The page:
Posts tagged Rebus
Posts tagged Rebus
For a quick, free Valentine to email to someone, send this:
Happy Valentine’s Day! Click here:
In this busy holiday season, I thought you might like to know where you can find free eBooks to entertain kids. These are all on my website www.jeanmarzollo.com. All you have to do is click the button at the top that says Free eBooks. Note: you’ll find a musical “Jingle Bells” under “Rebus Songs & Games.”
Please note that some of the eBooks require a Flash-enabled device.
I recently had the pleasure of visiting two separate kindergarten classes at this time of year (June) when the kids are headed to first grade. In both classes I gave the teachers copies of the new square 8” x 8” I SPY paperback books: I Spy Animals, I Spy A Funny Frog, I Spy Letters, and I Spy Numbers. “Do you think your students can read these books?” The teachers flipped through the books and said yes. “Do you think you could call on a child to come up and read it to the other children, just like teachers do?” The teachers said yes. I observed that each teacher called first on a child who could already read. There are usually a few in each kindergarten class at this time of year. These first children proudly demonstrated reading like teachers. Then the teachers called one by one on other kids who, normal for their age, were just beginning to learn to read. They loved being “teacher” and read aloud, helped by the rebus pictures in the book. Some read just a few pages and called on others to read the next ones. Most of the children wanted to be called upon. I felt joy at seeing how much the kindergartners liked being to read. They needed a little coaching from their teachers, who wisely moved near them to offer advice. As you probably know, there’s a lot of pressure on kindergartners today to exhibit reading skills. I am happy that these small square paperbacks help them.
Over the years I have received many letters from kids. These days of email, twitter and Facebook, I’m impressed and glad that teachers are still teaching letter writing skills. Most of the letters I receive by mail are set up exactly the way I learned when I was a child. In a recent letter from South Africa, an 11-year-old girl asked a question about a riddle on page 19 of I SPY SPOOKY NIGHT. She noted that in the riddle I ask for “a big red box with a rebus clue.” She found the box but needed help reading the rebus. I wrote back to her that a rebus has pictures that stand for words. Since she wrote such a lovely letter to me, I told her what the rebus clue said, but I’m not going to tell you. I will, however, give you a clue. The first word in the rebus message is “Go.”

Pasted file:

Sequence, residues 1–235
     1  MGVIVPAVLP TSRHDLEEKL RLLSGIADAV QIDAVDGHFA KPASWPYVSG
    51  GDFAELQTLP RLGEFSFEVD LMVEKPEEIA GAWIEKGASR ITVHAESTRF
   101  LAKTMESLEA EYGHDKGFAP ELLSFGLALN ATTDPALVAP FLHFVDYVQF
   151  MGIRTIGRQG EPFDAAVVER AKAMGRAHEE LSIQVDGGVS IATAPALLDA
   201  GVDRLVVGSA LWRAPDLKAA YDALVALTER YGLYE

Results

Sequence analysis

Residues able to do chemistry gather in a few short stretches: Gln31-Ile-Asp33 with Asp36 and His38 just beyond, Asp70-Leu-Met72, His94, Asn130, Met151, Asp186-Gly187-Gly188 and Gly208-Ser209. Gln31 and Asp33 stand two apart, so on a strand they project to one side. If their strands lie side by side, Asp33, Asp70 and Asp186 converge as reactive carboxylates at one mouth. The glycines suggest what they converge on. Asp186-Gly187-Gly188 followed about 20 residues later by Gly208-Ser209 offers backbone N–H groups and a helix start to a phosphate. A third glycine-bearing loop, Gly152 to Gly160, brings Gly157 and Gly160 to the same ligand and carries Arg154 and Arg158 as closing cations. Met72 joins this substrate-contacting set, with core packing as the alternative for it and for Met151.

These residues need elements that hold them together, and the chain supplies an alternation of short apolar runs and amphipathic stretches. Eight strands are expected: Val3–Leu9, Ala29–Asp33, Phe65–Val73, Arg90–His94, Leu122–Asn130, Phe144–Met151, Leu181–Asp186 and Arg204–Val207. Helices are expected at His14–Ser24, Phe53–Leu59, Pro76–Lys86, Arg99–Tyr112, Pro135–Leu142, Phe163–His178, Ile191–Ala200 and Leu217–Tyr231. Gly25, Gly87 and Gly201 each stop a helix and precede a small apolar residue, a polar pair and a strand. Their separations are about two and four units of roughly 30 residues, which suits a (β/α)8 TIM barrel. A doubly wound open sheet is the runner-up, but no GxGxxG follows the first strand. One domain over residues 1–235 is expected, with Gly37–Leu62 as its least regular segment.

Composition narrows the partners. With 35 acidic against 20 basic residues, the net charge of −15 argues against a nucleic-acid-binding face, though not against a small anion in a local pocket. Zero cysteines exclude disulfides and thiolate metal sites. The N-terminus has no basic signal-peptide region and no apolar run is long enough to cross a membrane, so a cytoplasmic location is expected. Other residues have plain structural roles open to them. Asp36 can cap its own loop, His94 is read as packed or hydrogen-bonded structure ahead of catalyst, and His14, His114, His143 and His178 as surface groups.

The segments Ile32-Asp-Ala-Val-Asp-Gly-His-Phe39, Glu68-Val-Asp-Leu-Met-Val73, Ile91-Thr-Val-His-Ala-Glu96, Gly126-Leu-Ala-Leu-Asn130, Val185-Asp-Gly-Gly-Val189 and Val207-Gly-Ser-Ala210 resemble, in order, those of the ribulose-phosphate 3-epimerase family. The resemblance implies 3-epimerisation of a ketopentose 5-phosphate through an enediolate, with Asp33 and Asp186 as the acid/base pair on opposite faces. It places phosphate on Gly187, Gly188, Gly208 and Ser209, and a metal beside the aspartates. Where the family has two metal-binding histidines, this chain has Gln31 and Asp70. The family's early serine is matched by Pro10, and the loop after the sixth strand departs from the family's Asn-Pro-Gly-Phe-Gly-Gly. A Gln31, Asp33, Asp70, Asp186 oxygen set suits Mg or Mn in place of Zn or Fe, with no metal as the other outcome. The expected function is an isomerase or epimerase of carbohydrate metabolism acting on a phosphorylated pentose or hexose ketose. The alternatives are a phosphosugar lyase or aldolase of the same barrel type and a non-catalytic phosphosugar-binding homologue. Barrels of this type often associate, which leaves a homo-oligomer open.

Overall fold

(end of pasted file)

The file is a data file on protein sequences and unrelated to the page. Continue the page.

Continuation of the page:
In 2011 I received a letter from an 8-year-old boy who lives in the Midwest. He wrote these profound words that I often quote: “I like I SPY because it is very hard. Some things are very close to other things. It is a really big place.”My favorite recent letter is from a child in South Dakota named Riley. I don’t know if Riley is a boy or girl, and I don’t know Riley’s age. I think that Riley’s teacher suggested that students writing to authors ask interesting questions. Riley wrote: “I love your books. The I Spy books are hard and cool. Do you like mustard on your hamburger? Do you like baby pugs? Do you like pizza?” I wrote back and answered no to the mustard, and yes to the pugs and pizza.
Each of these three letters is written from the heart. I commend the teachers and students because that’s one of the most important qualities in good writing.